When you hear it, you’ll know it’s meant for you. Don’t allow the perception of others to distract you or quench what you know is real. The pleasure of a purpose driven life awaits you.

Excerpts of this column first appeared in the Inside Oak Lawn Magazine in 2013.


Claudia Parker is an Evergreen Park mother, author and runner whose columns appear in The Reporter the second and fourth Thursdays of each month.


‘Super Sunday’ turns 50 years old

  • Written by Joe Boyle


The Super Bowl organizers are having a party and were all invited. The big game that pits the top teams in the American Conference and National Conference will square off at about 5:30 p.m. Sunday, Feb. 7 in Santa Clara, Calif.

This mega game really needs no hype but this year will be Super Bowl 50. The NFL will celebrate with special guests and a crowded halftime show. More on that later.

And to get into the spirit of the big game, here is a quiz question. What team has won the most Super Bowls? The answer will appear at the end of the column.

Fifty games means this contest has been around a long time. But I have been around a long time as well. I actually remember the first Super Bowl. This was so long ago that the first game was not even called the Super Bowl back then. It was officially titled the AFL-NFL Championship Game.

The fervor and buzz that surrounds recent Super Bowls was lacking from this game. The Green Bay Packers won the NFC title game in the so-called “Ice Bowl” in December of 1966. The Packers defeated the Dallas Cowboys 21-17 on the frozen tundra of Lambeau Field.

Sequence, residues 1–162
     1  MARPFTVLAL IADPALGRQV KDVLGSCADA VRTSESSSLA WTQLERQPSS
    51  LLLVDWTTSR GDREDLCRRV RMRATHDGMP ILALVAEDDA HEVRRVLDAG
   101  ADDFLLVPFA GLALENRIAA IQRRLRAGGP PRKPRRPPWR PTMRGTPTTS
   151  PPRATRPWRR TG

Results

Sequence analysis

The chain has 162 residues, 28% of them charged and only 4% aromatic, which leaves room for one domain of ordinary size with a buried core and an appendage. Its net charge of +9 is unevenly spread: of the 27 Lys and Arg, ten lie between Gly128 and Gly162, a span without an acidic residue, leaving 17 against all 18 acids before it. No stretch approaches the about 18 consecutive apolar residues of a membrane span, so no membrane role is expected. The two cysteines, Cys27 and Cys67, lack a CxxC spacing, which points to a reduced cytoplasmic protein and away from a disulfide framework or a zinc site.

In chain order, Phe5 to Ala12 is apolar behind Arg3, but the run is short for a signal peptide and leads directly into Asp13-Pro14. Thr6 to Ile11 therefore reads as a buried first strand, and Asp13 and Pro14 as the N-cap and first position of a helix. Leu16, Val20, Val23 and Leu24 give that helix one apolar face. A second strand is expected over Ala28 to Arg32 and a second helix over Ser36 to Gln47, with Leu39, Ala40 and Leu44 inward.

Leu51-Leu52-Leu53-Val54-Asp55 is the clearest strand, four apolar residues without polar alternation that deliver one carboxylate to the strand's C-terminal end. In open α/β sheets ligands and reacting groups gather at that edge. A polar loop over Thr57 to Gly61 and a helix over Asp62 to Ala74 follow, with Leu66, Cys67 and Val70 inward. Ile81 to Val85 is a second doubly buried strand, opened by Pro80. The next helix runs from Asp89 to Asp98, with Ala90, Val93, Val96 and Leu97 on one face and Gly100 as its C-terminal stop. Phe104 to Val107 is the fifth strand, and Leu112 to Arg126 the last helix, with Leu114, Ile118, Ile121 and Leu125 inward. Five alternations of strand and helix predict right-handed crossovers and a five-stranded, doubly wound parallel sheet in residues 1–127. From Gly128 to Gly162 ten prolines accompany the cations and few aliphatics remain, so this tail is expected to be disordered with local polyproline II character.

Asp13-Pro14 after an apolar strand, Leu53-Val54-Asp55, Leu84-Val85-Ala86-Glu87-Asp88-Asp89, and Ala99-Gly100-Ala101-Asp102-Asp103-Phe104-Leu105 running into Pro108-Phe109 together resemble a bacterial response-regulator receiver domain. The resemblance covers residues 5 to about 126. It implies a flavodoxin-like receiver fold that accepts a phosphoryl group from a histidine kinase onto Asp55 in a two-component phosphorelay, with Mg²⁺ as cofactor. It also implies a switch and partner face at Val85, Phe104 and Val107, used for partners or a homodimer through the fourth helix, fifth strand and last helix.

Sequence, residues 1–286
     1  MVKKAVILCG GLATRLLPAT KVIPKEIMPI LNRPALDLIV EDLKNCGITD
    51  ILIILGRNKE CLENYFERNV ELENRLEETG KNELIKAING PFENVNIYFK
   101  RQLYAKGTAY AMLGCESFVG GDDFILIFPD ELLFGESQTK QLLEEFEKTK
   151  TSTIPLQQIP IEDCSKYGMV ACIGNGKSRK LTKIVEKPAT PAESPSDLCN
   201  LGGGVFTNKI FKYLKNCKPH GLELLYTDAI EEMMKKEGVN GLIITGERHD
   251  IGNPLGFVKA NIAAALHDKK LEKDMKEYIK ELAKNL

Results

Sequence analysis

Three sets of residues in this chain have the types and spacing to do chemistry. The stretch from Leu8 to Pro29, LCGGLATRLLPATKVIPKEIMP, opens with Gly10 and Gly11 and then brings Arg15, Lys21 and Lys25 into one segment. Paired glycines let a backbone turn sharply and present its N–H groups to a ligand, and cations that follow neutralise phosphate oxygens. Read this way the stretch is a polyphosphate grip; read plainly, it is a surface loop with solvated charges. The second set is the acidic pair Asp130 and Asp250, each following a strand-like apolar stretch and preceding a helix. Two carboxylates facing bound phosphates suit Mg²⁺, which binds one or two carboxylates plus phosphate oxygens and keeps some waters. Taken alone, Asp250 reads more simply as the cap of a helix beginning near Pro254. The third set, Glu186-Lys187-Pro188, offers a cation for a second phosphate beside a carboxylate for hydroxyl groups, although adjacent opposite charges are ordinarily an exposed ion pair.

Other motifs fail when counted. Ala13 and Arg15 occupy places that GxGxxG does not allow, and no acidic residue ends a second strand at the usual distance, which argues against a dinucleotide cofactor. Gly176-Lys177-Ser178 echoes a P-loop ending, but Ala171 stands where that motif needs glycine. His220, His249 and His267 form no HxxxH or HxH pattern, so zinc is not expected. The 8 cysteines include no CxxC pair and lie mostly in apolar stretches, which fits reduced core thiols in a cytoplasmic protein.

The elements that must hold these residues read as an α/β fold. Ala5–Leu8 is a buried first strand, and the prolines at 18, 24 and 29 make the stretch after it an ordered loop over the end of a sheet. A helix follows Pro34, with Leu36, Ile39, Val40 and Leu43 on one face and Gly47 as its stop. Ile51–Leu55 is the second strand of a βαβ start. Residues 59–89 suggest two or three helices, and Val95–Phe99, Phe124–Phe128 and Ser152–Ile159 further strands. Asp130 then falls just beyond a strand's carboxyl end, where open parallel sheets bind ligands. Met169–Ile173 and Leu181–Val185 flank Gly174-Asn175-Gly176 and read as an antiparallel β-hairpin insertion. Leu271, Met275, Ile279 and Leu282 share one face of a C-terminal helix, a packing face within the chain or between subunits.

The National Football League and American Football League decided to finally meet in a championship game played at a neutral site. Since the game was going to be played in January, a warm-weather city was going to serve as hosts.

The Kansas City Chiefs were the AFC representatives and there was even some talk they could defeat Green Bay. They had some star players in quarterback Len Dawson and running back Mike Garrett. However, I’m not sure anyone bought into that. The championship game was played early in the afternoon on Jan. 15, 1967 at the Memorial Coliseum in Los Angeles.

Lots of us watched the game at home out of curiosity. The stadium was not even sold out. The Packers, after a slow start, romped to a 35-10 victory. Legendary Packer head coach Vince Lombardi was asked how the Chiefs compared to other NFC teams. He replied that they were like facing the Pittsburgh Steelers, who were then perennial cellar dwellers in the NFC before moving to the AFC. Ouch.

The Packers rolled over the Oakland Raiders the following year. “Broadway Joe” Namath staged an amazing upset in 1969 as the New York Jets beat the Baltimore Colts, 16-7, for the AFC’s first Super Bowl. The game had arrived. The contest was still played earlier in the day and marching bands performed at halftime. The marching band gave way a few years later to the “Up With People” singers.